I'm not certain what prompted this memory. I'm not even sure where I am going with this blog. It may not have an ending. It's just a memory with some thoughts. Perhaps this is just another "life was simpler then" kind of a blog.
When I was attending elementary school a hundred years ago, we had cloakrooms. These were small areas for coats and other belongings. They were separate from the classroom, but attached behind the chalkboard where the teacher usually lurked. I believe there were doors or openings of some description at each end. Those were the days when boys had one side and girls the other.
Every now and again, something would disappear from the cloakroom...a toy, food, money. Fortunately, there was not the vast array of electronic devices back then. I'm not sure where teachers received their training, but it was severely lacking in almost every area of tact, acceptable discipline, and psychology. They did the best they could with what they knew.
The violated party was always believed, and when something presumably disappeared, the interrogation began.
Teacher: Johnny had a $2 bill in his coat pocket and it's not there now. Has anyone seen it?
Students: (Staring innocently at one another, looking around the room and at the ceiling as if $2 might magically fall from the sky.)
Teacher: If you took it bring it up here now, or put it on my desk before the end of the day and nothing further will happen. (Usually there was more lecturing about honesty being the best policy and a future life of crime and imprisonment if this money wasn't immediately returned)
As far as I know, nobody ever confessed. Sometimes, the whole class was kept after school because of the dishonesty of either the thief or the accuser. We had to think about what had happened and the consequences of "our" actions. Baffling. Punishing the innocent for the sins of the guilty. I feel a religious blog developing...perhaps another time.
What I remember and hated most about these events was not the incensed rant by the teacher. It wasn't the staying after school or sitting with our heads down for what seemed like an eternity. What I hated most was that I always felt horrible. Part of it was empathy for the person who suffered the loss. Part of it was the shock that someone in our class could do such a thing. And finally, some of it was fear. I remember sitting there unable to look up, as if I had done something wrong and no, it was never me. But I wondered. I was so afraid that the teacher, as he/she looked around the room would think it was me. What if they thought I was capable of such a heinous act of thievery? I imagine my face reddened a few times, giving my fear even more credibility.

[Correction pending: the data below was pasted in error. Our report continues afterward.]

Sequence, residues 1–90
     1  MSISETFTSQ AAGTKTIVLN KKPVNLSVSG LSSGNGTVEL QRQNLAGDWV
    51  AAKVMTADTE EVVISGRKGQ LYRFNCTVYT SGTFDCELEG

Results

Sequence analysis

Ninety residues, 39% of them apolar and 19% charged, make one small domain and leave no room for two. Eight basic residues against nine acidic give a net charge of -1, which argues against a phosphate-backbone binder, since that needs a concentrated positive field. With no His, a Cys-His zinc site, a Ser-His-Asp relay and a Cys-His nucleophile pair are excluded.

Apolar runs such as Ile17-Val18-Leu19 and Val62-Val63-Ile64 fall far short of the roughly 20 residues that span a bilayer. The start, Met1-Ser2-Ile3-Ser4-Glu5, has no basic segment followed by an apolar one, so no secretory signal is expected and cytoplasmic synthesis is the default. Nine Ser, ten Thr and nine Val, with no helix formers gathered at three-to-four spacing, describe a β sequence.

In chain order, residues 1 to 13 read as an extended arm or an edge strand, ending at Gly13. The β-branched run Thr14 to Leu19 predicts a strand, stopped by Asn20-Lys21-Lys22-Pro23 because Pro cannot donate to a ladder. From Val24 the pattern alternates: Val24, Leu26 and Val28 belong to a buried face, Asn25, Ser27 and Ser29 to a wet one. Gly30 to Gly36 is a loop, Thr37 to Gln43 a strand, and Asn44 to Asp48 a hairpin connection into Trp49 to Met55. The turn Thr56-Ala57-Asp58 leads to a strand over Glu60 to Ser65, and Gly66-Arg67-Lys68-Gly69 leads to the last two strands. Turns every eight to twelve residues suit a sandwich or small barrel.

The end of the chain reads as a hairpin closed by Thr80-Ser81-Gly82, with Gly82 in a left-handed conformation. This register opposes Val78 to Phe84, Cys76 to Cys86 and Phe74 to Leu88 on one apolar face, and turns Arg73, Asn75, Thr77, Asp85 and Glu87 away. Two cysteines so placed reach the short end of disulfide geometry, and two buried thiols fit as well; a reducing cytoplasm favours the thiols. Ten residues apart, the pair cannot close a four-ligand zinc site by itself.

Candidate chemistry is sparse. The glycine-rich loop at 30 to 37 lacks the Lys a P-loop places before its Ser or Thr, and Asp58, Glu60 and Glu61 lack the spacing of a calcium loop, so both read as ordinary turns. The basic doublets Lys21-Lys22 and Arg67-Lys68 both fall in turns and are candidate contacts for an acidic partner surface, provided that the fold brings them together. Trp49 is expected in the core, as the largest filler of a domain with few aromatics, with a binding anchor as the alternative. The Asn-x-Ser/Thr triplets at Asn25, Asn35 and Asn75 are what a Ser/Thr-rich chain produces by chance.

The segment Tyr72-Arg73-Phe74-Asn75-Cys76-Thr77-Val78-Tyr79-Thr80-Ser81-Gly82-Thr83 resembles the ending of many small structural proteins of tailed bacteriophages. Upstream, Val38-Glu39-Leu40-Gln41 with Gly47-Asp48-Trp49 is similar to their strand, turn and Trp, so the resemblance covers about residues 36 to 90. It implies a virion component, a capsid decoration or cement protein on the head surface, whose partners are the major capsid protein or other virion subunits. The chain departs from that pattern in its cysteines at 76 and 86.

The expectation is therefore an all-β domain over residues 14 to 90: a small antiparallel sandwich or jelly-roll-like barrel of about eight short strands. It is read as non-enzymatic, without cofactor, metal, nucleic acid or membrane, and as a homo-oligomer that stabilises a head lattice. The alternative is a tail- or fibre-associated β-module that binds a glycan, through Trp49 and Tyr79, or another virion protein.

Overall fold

A similar incident occurred one time in a secondary school class. The difference was that someone actually confessed. He hadn't done it. Everyone knew he hadn't, because the explanation for the lack of the missing item on his person was something like "I threw it away" or "I gave it to a guy in the hallway". The thing was, he was the class clown, someone who was always getting into trouble anyhow. He figured he had nothing to lose. The class was released on time at the end of the day and he was a hero. Is that called, "taking one for the team"?
Odd though, it never occurred to me or bothered me that anyone other than the teacher might think me guilty. I guess peers were not a concern of mine. I was more worried about what the authority figure thought whereas the student who confessed, was just the opposite.
So what's my point? I don't think I have one. Perhaps things had more value at one time. Maybe teachers had more time? Were they trying to instill some kind of moral values into us, or, as in my case, did they just create a lifetime of guilt in some. Nowadays, if you bring something to school and it disappears, so be it. You take your chances. Shouldn't have brought it in the first place. There's no time for the lectures,or the drama.
As I said....no ending. Just some thoughts.